Most people know Alaska as the last frontier – a vast place where nature can be wild, unpredictable and uncooperative. Case in point: the Prudhoe Bay oilfields, where about half a million barrels of oil is extracted each day. One of the drilling sites is Endicott, located on a spit of land connected by the gravel Prudhoe Bay road system and normally accessible by truck. That is until recently, when the road was washed out. Faced with the dilemma of how to get workers, food and supplies to the work site, Hilcorp, one of the largest, privately-held exploration and production companies in the United States, turned to Crowley.
“With the road cut-off and heavy fog preventing helicopters from flying in and out, Hilcorp diverted the hovercraft Arctic Hawk from its normal duties of supporting NorthStar Island, to shuttle people, groceries and other supplies to Endicott,” said Bruce Harland, Crowley vice president. “Hilcorp was already chartering the Arctic Hawk to provide a similar shuttle service to and from their Northstar Island drill site, so this was a natural extension of that service, which we were happy to provide.”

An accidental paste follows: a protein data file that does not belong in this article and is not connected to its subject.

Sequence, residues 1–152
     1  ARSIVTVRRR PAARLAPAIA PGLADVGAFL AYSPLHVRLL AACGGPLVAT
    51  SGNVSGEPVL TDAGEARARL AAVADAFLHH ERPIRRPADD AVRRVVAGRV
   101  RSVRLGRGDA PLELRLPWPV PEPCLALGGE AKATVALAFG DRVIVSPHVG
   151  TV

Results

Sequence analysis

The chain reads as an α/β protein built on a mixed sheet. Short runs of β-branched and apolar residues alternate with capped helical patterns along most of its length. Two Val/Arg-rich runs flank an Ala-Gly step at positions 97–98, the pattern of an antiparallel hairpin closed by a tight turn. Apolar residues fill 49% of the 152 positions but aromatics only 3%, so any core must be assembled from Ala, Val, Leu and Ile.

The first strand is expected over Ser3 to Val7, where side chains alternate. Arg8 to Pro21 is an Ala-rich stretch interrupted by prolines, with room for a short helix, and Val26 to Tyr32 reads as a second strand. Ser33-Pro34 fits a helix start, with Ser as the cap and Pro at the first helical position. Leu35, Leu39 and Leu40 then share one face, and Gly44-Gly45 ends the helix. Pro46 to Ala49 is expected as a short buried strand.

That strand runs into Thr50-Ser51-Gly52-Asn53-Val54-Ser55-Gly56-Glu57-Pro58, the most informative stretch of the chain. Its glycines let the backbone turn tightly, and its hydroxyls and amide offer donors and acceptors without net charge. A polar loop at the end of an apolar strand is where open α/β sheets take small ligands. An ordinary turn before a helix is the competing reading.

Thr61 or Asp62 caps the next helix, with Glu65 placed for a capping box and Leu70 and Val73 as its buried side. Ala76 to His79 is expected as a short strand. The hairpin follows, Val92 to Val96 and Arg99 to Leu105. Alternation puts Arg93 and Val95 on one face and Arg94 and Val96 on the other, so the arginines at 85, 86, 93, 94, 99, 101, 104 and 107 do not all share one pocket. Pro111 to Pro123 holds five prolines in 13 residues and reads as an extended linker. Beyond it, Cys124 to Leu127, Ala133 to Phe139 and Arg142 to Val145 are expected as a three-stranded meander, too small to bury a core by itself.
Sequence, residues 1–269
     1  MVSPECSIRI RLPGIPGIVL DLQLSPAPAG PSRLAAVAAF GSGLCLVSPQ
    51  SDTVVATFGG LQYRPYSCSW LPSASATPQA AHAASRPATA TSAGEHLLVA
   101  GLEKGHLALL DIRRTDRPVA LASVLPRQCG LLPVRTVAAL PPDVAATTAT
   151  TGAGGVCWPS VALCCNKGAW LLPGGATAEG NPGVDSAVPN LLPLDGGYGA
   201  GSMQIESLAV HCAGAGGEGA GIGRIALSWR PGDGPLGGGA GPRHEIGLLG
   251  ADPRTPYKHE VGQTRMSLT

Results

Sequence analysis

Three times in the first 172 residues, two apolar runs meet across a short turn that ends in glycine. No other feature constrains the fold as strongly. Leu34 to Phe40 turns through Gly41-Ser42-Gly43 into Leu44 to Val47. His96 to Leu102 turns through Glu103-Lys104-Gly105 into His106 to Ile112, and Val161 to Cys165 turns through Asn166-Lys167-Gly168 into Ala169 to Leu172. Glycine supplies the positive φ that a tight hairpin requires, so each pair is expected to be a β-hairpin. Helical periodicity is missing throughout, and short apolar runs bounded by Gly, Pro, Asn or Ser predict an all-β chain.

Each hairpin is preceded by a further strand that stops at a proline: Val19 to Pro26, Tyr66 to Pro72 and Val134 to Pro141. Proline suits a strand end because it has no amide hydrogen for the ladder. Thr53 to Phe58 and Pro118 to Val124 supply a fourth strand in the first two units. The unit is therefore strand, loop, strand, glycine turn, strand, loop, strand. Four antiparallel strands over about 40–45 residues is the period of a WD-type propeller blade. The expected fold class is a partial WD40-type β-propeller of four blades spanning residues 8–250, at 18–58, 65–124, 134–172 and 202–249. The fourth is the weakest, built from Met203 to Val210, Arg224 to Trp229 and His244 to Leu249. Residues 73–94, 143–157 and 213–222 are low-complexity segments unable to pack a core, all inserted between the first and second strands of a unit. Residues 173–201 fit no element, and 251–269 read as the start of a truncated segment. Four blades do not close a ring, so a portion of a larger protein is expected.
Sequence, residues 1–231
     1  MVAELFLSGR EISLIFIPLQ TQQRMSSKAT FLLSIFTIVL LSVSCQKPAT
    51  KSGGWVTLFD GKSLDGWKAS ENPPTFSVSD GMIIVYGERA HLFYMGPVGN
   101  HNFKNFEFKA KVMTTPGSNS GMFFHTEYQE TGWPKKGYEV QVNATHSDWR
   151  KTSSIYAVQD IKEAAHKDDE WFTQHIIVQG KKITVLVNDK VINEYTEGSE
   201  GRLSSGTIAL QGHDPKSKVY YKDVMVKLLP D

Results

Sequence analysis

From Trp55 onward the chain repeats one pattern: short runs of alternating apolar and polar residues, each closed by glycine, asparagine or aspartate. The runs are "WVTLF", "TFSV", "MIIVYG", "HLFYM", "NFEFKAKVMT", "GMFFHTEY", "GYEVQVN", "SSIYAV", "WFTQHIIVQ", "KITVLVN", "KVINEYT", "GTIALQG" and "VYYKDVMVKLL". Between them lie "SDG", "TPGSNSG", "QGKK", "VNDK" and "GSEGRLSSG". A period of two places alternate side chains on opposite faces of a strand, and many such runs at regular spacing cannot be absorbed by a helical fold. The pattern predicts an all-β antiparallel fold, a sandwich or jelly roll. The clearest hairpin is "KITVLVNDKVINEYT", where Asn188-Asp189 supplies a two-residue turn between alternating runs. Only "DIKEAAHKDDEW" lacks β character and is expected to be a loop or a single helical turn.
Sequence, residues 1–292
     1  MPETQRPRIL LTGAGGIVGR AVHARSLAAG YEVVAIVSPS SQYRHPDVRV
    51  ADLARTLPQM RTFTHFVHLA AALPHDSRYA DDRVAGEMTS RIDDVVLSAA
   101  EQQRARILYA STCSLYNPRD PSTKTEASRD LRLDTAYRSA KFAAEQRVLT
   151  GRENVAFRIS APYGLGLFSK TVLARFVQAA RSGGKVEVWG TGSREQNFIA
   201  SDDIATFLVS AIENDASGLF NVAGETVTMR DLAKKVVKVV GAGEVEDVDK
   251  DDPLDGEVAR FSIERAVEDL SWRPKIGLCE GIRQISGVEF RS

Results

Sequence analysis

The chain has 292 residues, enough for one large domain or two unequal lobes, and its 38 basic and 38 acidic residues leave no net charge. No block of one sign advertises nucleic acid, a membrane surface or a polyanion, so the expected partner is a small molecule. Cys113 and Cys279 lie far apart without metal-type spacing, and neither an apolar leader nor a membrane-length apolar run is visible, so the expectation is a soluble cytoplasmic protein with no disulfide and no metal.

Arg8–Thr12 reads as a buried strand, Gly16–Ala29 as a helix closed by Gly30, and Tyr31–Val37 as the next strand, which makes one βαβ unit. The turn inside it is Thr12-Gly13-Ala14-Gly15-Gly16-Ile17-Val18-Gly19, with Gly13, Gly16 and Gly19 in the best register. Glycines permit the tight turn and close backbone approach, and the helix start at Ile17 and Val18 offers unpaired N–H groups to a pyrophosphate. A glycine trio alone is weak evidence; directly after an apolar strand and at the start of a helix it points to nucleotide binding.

The Arctic Hawk, Crowley Offshore Services’ hovercraft, entered service in Prudhoe Bay in 2004 transferring BP work crews (now Hilcorp work crews) between land and the Northstar Island production facility about six miles offshore in the Beaufort Sea. A hovercraft is the most practical mode of transport for this service as the route must be traveled over open water in summer and ice during the winter and a mixture of ice and water during freeze-up and break-up. The Arctic Hawk is 38.8 feet in length with a 15.5 foot beam. It is considered a passenger vessel by the Coast Guard and carries a Certificate of Documentation (admeasured at 17 gross and 14 net tons) and Certificate of Inspection issued by Coast Guard Sector Anchorage.
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